India's understanding of the 1959 line passed through Haji Langar, Shamal Lungpa and Kongka La (the red line shown on Map 2).
Even though the Chinese-claimed line was not acceptable to India as the depiction of an actual position, it was apparently acceptable as the line from which the Chinese would undertake to withdraw 20 kilometres. Despite the non-acceptance by India of the Chinese proposals, the Chinese did withdraw 20 kilometres from this line, and henceforth continued to depict it as the "line of actual control of 1959".
In December 1962, representatives of six African and Asian nations met in Colombo to develop peace proposals for India and China. Their proposals formalised the Chinese pledge of 20-kilometre withdrawal and the same line was used, labelled as "the line from which the Chinese forces will withdraw 20 km."
This line was essentially forgotten by both sides till 2013, when the Chinese PLA revived it during its Depsang incursion as a new border claim.[b]
At the end of the 1962 war, India demanded that the Chinese withdraw to their positions on 8 September 1962 (the blue line in Map 2).
Main article: Border Peace and Tranquility Agreement, 1993
Political relations following the 1962 war only saw signs of improvement towards the later 1970s and 80s. Ties had remained strained until then also because of Chinese attraction to Pakistan during India Pakistan wars in 1965 and 1971. Restored ambassadorial relations in 1976, a visit of the Indian Prime Minister to China in 1988, a visit of the Chinese Premier to India in 1992 and then a visit of Indian President to China in 1992 preceded the 1993 agreement. Prior to the 1993 agreement, a trade agreement was signed in 1984, followed by a cultural cooperation agreement in 1988.
The 1993 agreement, signed on 7 September, was the first bilateral agreement between China and India to contain the phrase Line of Actual Control. The agreement covered force level, consultations as a way forward and the role of a Joint Working Group. The agreement made it clear that there was an "ultimate solution to the boundary question between the two countries" which remained pending. It was also agreed that "the two sides agree that references to the line of actual control in this Agreement do not prejudice their respective positions on the boundary question".
In article 10 of the 1996 border agreement, both sides agreed to the exchange of maps to help clarify the alignment of the LAC. It was only in 2001 when the first in-depth discussion would take place with regard to the central/middle sectors. Maps of Sikkim were exchanged, resulting in the "Memorandum on Expanding Border Trade". However the process of exchange of maps soon collapsed in 2002–2003 when other sectors were brought up. Shivshankar Menon writes that a drawback of the process of exchanging maps as a starting point to clarify the LAC was that it gave both sides an "incentive to exaggerate their claims of where the LAC lay".
On 30 July 2020, the Chinese Ambassador to India stated that China was not in favour of clarifying the LAC anymore as it would create new disputes. Similar viewpoints have been aired in India that China will keep the boundary dispute alive for as long as it can be used against India. On the other hand, there have been voices which say that clarifying the LAC would be beneficial for both countries.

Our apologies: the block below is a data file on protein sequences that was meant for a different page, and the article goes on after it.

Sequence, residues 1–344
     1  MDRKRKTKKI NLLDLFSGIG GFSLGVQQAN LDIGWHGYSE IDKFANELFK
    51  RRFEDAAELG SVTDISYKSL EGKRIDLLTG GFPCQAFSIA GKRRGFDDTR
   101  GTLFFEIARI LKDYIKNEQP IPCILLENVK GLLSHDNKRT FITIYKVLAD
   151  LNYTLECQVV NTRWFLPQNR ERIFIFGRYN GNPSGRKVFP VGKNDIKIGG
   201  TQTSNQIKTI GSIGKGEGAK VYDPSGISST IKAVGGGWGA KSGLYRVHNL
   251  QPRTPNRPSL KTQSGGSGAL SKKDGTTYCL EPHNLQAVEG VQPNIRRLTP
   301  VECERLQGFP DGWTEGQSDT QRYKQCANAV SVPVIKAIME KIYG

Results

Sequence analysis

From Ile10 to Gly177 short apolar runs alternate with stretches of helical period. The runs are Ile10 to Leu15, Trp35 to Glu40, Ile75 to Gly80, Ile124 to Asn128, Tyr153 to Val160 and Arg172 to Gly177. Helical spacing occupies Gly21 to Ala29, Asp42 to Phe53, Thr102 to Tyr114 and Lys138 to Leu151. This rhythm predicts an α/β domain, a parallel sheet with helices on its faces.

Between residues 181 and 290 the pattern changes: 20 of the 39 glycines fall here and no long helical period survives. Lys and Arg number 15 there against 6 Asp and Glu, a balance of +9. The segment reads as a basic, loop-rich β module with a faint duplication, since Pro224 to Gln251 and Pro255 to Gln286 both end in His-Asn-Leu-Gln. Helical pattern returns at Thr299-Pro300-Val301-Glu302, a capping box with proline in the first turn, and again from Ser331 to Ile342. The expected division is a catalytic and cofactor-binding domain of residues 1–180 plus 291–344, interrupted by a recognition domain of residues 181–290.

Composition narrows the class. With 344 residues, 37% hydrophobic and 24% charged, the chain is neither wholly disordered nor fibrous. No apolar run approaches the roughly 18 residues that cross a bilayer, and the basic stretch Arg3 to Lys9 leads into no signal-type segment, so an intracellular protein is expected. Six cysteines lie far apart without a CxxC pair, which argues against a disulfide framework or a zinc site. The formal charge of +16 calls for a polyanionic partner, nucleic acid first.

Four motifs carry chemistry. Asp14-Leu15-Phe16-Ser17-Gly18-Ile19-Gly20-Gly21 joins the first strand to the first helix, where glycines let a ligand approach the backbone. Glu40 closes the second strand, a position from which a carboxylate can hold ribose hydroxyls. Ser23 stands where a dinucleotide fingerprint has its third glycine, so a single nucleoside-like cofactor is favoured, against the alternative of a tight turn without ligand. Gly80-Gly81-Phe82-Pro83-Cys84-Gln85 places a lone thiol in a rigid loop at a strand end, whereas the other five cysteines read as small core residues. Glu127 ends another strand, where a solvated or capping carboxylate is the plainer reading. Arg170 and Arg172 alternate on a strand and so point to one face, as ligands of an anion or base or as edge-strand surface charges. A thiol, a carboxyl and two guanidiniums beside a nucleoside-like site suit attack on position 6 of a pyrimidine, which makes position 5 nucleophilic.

In the 1970s, India's China Study Group identified patrol points to which Indian forces would patrol. This was a better representation of how far India could patrol towards its perceived LAC and delimited India's limits of actual control. These periodic patrols were performed by both sides, and often crisscrossed.
Patrolling Points were identified by India's China Study Group in the 1970s to optimize patrolling effectiveness and resource utilization along the disputed and non-demarcarted China–India border at a time when border infrastructure was weak. Instead of patrolling the entire border which was more than 3000km long, troops would just be required to patrol up to the patrolling points. Over time, as infrastructure, resources and troop capability improved and increased, the patrolling points were revised. The concept of patrol points came about well before India officially accepted the Line of Actual Control (LAC). Patrolling points give a more realistic on–ground guide of India's limits of actual control.
Most patrolling points are close to the LAC. However, in the Depsang plains, the patrolling points are said to remain well inside in LAC, despite having been revised a number of times. Former Army officers have said that patrolling points provide a better on-the-ground picture of India's limits of control. Based on location, the periodicity of visiting patrolling points can vary greatly from a few weeks to a couple of months. In some cases, the patrolling points are well-known landmarks such as mountain peaks or passes. In other cases, the pattrolling points are numbered, PP-1, PP-2 etc. There are over 65 patrolling points stretching from the Karakoram to Chumar.
The patrolling points within the LAC and the patrol routes that join them are known as 'limits of patrolling'. Some army officers call this the "LAC within the LAC" or the actual LAC. The various patrol routes to the limits of patrolling are called the 'lines of patrolling'.
During the 2020 China–India skirmishes, the patrolling points under dispute included PPs 10 to 13, 14, 15, 17, and 17A. On 18 September 2020, an article in The Hindu wrote that "since April, Indian troops have been denied access to PPs numbered 9, 10, 11, 12, 12A, 13, 14, 15, 17, 17A."
Glossary of border related terms:
The Line of Actual Control is one of the settings in Neal Stephenson's novel Termination Shock, where volunteer martial artists from India and China fight to move the line in skirmishes covered on social media.